Who are you?
My name is Florence Gschwend. I’m originally from Switzerland, where I studied Chemistry at university. I later came to London to do a Masters in Green Chemistry and subsequently a PhD project, where I started to work on the technology that we’re now commercialising with Lixea.
What inspired you to start Lixea?
My PhD funding came from the Grantham Institute and ClimateKIC, two organisations with a focus on fighting climate change and preserving the environment. As a result, I saw the need for more innovative solutions to be scaled-up. Having worked on a potential solution and the success that we had with it at least at lab-scale, motivated me to attempt its scale-up for eventual commercialisation.
How does it work?
We use a new type of solvent called Ionic Liquids, to separate the three components wood is made of: cellulose, lignin and hemicellulose. Cellulose production is already run at a multi-million tonne per year scale using 150-year-old chemical processes, however high costs, pollution and low valorisation of by-products are major drawbacks of these processes. With our process, we make use of low-value waste materials, by upgrading them into higher value materials for renewable chemicals and materials industries. Cellulose is already used in the production of textile fibres and paper, and many more applications are being developed, some of which will be replacing petroleum derived products. Lignin can be used to replace toxic petroleum-derived chemicals in resins, adhesives and glues.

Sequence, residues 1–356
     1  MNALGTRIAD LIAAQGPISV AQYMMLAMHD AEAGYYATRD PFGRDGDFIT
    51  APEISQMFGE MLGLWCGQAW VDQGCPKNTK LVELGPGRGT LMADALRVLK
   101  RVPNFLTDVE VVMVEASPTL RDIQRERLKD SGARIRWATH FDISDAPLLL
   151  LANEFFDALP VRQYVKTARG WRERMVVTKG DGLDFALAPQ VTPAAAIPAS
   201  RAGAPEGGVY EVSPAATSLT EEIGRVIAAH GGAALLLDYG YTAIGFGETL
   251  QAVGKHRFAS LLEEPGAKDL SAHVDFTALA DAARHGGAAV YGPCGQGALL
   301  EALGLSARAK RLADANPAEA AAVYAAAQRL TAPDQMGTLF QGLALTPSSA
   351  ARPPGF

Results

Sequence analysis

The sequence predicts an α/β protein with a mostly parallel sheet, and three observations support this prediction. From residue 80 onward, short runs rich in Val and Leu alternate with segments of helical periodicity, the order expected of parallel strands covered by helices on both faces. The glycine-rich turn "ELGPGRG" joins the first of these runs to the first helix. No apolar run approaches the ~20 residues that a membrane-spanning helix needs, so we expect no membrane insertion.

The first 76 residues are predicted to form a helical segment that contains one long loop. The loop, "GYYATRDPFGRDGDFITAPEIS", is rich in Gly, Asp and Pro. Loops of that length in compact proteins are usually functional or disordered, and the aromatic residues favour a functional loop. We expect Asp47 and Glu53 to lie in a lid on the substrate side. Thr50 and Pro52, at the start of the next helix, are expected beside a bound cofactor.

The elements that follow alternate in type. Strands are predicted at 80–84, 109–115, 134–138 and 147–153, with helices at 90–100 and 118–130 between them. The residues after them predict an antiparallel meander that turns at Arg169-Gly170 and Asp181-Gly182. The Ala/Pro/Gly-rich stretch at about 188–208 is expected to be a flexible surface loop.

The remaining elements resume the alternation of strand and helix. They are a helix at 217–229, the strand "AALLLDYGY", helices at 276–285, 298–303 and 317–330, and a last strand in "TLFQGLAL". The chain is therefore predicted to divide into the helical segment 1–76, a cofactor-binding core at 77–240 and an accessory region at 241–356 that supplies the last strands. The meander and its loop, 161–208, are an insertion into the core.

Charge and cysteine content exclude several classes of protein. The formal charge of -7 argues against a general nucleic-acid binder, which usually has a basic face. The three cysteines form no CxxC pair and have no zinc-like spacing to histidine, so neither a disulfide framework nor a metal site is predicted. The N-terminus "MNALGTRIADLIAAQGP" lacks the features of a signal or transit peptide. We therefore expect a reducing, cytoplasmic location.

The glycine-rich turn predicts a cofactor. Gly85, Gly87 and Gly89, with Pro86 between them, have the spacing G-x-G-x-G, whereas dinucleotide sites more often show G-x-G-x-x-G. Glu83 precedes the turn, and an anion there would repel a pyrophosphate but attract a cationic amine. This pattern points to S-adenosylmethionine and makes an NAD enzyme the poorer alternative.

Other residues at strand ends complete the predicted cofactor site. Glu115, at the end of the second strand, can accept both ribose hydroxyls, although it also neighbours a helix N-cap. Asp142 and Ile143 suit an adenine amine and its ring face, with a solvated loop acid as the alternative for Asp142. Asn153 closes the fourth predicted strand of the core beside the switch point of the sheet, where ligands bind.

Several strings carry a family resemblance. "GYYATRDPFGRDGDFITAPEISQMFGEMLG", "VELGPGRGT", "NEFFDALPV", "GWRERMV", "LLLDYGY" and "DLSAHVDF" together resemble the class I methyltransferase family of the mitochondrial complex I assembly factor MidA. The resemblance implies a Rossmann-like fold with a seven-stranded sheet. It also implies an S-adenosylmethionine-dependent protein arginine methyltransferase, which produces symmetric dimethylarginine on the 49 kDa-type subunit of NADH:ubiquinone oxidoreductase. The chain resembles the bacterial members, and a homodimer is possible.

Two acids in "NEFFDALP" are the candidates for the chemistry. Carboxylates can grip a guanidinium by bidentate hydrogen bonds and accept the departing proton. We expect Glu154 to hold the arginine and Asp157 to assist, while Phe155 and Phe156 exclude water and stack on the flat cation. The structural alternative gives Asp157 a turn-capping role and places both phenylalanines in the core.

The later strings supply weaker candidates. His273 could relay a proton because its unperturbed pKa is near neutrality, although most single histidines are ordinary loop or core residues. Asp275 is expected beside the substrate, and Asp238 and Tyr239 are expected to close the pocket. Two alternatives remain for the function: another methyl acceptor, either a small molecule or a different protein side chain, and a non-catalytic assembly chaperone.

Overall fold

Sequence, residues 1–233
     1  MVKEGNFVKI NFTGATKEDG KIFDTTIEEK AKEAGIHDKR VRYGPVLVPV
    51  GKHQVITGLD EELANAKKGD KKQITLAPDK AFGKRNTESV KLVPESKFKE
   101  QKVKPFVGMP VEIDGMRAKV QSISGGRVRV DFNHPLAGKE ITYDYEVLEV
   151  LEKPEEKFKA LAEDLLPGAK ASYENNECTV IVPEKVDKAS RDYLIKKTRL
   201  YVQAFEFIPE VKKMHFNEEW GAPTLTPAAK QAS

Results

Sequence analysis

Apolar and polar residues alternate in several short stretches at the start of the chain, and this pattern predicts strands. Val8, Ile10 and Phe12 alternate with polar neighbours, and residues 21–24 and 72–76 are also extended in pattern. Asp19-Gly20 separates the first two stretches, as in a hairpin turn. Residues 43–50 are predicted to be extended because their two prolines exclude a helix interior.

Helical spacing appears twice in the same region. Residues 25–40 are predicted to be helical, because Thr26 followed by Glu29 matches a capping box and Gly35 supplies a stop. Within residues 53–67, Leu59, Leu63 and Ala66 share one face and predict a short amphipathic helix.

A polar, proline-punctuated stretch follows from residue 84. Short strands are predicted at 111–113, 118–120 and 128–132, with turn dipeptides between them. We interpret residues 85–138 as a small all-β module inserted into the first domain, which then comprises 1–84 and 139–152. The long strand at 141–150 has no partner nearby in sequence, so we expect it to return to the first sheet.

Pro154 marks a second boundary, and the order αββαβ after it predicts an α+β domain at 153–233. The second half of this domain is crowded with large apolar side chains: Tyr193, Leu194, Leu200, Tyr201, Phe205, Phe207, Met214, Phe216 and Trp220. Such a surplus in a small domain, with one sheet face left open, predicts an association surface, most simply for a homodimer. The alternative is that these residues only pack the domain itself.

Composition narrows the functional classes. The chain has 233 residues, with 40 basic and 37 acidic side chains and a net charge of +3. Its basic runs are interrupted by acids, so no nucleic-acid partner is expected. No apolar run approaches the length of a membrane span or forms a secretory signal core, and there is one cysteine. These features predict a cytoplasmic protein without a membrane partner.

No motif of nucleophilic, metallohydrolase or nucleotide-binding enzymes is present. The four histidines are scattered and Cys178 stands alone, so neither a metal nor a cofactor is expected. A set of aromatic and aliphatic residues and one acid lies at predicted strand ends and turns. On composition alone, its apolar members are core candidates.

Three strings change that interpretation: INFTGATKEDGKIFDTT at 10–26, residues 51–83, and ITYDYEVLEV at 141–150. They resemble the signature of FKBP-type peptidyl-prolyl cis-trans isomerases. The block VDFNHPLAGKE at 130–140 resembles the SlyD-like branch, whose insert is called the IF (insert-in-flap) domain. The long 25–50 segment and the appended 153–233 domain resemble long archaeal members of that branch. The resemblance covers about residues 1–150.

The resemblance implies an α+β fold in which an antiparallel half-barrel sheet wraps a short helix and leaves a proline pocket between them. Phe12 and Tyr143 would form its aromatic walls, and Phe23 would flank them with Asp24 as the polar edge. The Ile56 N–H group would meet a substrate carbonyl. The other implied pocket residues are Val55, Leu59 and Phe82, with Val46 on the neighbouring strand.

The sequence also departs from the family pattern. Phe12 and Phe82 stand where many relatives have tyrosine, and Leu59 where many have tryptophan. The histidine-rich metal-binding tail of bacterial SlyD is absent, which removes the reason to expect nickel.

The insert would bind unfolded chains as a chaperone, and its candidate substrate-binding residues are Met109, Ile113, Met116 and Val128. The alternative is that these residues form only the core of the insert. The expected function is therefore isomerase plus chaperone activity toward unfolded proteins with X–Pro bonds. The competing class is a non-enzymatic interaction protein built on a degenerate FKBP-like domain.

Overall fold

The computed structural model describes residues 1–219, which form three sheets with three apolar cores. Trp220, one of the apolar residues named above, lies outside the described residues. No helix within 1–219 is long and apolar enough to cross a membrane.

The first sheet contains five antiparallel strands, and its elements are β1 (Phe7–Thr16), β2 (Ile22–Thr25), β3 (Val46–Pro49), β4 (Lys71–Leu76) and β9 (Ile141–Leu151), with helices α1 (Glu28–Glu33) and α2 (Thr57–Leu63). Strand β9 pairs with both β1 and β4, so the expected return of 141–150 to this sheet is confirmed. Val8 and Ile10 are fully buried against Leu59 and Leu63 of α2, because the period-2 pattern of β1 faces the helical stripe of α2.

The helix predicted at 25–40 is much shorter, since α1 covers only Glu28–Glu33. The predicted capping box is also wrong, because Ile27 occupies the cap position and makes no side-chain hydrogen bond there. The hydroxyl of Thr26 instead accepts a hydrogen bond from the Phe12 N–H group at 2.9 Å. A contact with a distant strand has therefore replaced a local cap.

What makes working at Lixea so rewarding?
It’s mainly the potentially large positive impact on the environment that I find rewarding.
What’s the biggest obstacle you’ve faced so far?
A lot of the journey has been very lonely for me, and it has taken a rather large toll on my mental health. Often it has been very difficult to decide whether it is worth it or not.
2020 was a challenging year for everyone. What's it like to run your business through a pandemic, and have you got any tips on how to keep things going?
For us it has been the lab closures, having to operate at a reduced capacity, restrictions on travel and general uncertainty. Fortunately, the furlough scheme allowed us to establish a new routine in the lab. However, it resulted in some delays to our grant-funded project which we’re now trying to make up. Contingency planning has been quite important in keeping things going, but generally we take things as they come. Instead of thinking about the things we can’t do, we’re thinking about things we can do.
What’s next in the pipeline for Lixea?
We received a European grant to build our pilot plant, so we are very busy with that. Once our pilot plant is up and running, we will also be working more closely with companies developing products from the cellulose and lignin that we will be producing.
Women make up only 12% of UK’s engineering workforce. What made you decide to take up a career in engineering and why do you think more women and girls should get into science?
My dad worked as a chemist/chemical engineer but retired when I was relatively young, so I spent a lot of time with him. I think that had an influence, as he would explain a lot of chemistry-related things to me.
I think there is huge potential for engineering and science to help us address urgent problems, such as climate change and environmental destruction. I don’t believe men and women inherently have different cognitive abilities, but societal gender roles mean that women and men, and girls and boys, grow up living somewhat different lives, seeing the world and its problems somewhat differently. These different viewpoints can be very helpful in coming up with new ideas or developing new solutions to important problems.